Every civilization needs its barbarians. Lazy, filthy, dumb and dangerous, the barbarian, real or imagined, is the eternal grindstone on which the civilized sharpen their prejudices. They are, as the Greek Alexandrian poet Constantine Cavafy wrote, ‘a solution of a sort’ — but to what?
In Cavafy’s poem ‘Waiting for the Barbarians’ (1898), an unnamed city is gripped by cultural torpor and political sloth. The gridlocked citizens, weakened by indolence and luxury, dream of a bloody release from their troubles. Disaster, a visit from the barbarians, becomes their last hope for rebirth. You don’t need to be a specialist to see the parallels between the poem and the illicit undercurrents of politics in the 2010s. In his own time Cavafy influenced a select group of high-minded admirers: T.S. Eliot, E.M. Forster, Arnold Toynbee. Later, J.M. Coetzee borrowed more than a title from Cavafy for his allegorical novel Waiting for the Barbarians (1980). Now the novel has become a film, scripted by Coetzee and brought to the screen by the talented Colombian director Ciro Guerra.
A magistrate (Mark Rylance) quietly fulfills his duties on the sluggish borderlands of the empire. He collects taxes, administers lands and presides over a court. He thinks himself benign, a gentleman. His pursuits are civilized (antiques, classical literature), his pleasures jadedly sensual (brothels, hunting). This gentle existence is shattered by the arrival of Colonel Joll (Johnny Depp).
Joll is a military policeman from the Third Bureau of the Civil Guard. He is assertive, expansionist and looking for trouble. The barbarians, he fears, are mustering up in the mountains and must be extirpated before they are strong enough to attack the Empire.
Whether or not the barbarians are out there is moot. Joll, a ‘doctor of interrogation’, will get what he wants. He sees any slackness or neglect of duty as degeneration, a slide towards Spenglerian decay. Joll is the proverbial man with a hammer.
Though this is his first English-language film, Guerra is in familiar territory. His breakthrough, Embrace of the Serpent (2015), is a Conradian road movie where the road is the Amazon. Embrace follows one of those oddball Central European polymaths who appear so often in stories of empire (Christian Gottlieb, Alexander von Humboldt, Paweł Strzeleki), this time in pursuit of the mythic Yakruna flower. Beautifully shot in 35mm to resemble Daguerreotype photography, Embrace was the best film about the Amazon since Werner Herzog’s Fitzcarraldo (1982). Guerra made a genuine contribution out of familiar materials: missionaries, madness, treachery, cannibalism. Unlike Herzog, Guerra pulled it off without goading the indigenous people into burning down his set.
Waiting for the Barbarians shows that Guerra can handle a bigger budget and bigger stars. Robert Pattinson is Officer Mandel, Joll’s subordinate, who is responsible for breaking the magistrate after he elopes with a barbarian girl (Gana Bayarsaikhan). Pattinson has been on an interesting trajectory since his Twilight days. Rather than embracing stardom like previous heartthrobs, he’s leveraged it to work on unusual pictures with David Cronenberg and Claire Denis, among others. His Mandel is athletic, handsome and domineering. Like Ronald Merrick in Paul Scott’s Raj Quartet, he has grown cruel in the imperial hothouse.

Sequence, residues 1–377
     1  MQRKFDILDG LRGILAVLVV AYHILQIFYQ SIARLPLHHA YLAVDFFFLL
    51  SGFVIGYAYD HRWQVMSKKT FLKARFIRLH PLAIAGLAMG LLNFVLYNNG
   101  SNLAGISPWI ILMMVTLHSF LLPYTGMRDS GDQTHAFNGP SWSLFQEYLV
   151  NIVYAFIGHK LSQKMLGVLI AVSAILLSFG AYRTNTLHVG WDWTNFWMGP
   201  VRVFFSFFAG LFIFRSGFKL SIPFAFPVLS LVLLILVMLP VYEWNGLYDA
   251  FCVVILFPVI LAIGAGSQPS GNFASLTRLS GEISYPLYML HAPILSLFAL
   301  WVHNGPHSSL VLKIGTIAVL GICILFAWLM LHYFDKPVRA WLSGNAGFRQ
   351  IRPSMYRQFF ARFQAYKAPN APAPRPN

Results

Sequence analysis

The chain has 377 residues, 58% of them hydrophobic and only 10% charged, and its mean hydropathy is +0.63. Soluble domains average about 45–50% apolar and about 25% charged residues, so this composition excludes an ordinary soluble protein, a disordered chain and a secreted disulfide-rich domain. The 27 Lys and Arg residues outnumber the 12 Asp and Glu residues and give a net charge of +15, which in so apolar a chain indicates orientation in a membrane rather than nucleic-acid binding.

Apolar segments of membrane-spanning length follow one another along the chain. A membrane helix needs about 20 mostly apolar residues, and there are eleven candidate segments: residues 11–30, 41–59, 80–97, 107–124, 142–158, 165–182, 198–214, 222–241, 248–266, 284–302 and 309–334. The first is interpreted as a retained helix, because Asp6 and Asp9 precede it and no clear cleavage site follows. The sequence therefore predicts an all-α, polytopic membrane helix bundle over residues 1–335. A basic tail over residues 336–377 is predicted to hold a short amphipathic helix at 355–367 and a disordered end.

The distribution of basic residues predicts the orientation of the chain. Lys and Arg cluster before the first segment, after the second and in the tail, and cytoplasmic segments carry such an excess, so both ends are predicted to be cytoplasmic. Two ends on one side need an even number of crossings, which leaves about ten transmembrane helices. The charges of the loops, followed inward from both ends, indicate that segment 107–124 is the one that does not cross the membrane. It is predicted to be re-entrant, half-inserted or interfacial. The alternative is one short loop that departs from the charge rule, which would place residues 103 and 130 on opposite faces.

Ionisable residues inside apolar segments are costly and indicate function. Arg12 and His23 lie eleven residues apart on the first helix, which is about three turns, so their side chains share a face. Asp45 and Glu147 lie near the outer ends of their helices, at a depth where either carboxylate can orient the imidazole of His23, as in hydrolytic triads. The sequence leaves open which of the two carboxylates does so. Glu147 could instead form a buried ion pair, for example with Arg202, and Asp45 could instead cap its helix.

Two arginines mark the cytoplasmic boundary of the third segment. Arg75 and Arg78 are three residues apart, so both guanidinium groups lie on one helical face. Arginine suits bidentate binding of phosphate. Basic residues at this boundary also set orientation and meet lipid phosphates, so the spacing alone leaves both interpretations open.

When shocking things happen to the magistrate and the town he governs, you remember that you’re in Coetzee’s hands. Reduced to dialogue alone, Coetzee remains a punitively moral writer. As a young academic he was fascinated by the bleaker aspects of Samuel Beckett’s works. A dark river flows through his best novels: Dusklands (1974), In the Heart of the Country (1977) and Disgrace (1999). His old, learned and skeptical white patriarchs lust after black women. Coetzee doesn’t spare the men, and he doesn’t spare the magistrate or the Empire in Waiting for the Barbarians either.
Coetzee’s vision of empire has no room for aqueducts and railways, or trade and sanitation, or the ironies, confusions and mishaps of imperialism. For Coetzee, torturers like Colonel Joll and humanitarians like the magistrate cannot be separated. The sufferings and drubbings endured by a furrowed, ragged Rylance are deserved. They are Western civilization’s debts to history, and they will be paid. Guerra’s skill, and Coetzee’s too, is to make this suffering moving.
In Cavafy’s poem and Coetzee’s novel, the barbarians never arrive. They stay camped out in the desert or the tundra, sharpening their flints and grievances around the campfire, and our reckoning is postponed while our stagnation endures. It is a sign of the times that Guerra’s film ends differently.